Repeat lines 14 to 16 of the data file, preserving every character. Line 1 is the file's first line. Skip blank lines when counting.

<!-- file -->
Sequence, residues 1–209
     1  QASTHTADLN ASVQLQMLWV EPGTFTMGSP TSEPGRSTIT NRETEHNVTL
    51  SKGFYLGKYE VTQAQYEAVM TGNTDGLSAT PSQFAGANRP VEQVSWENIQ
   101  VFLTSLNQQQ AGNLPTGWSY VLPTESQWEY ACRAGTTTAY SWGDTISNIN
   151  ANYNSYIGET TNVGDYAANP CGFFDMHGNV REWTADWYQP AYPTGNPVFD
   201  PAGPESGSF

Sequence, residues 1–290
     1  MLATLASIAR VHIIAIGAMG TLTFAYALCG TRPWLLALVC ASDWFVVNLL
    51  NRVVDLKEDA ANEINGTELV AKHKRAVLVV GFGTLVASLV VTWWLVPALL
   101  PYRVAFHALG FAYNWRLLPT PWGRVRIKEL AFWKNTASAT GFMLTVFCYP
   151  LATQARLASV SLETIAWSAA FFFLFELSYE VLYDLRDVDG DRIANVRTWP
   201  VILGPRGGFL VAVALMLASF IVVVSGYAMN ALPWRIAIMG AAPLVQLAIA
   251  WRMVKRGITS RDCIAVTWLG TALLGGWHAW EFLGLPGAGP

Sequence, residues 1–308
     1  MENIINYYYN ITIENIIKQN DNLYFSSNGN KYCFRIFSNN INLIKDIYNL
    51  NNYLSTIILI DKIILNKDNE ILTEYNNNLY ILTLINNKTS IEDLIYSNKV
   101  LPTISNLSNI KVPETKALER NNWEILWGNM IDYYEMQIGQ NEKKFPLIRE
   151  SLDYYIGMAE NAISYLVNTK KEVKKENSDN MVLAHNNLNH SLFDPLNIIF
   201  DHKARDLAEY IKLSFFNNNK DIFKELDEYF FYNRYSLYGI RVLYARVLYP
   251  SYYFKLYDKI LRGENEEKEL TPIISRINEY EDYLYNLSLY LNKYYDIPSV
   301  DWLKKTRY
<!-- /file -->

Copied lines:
Sequence, residues 1–308
     1  MENIINYYYN ITIENIIKQN DNLYFSSNGN KYCFRIFSNN INLIKDIYNL
    51  NNYLSTIILI DKIILNKDNE ILTEYNNNLY ILTLINNKTS IEDLIYSNKV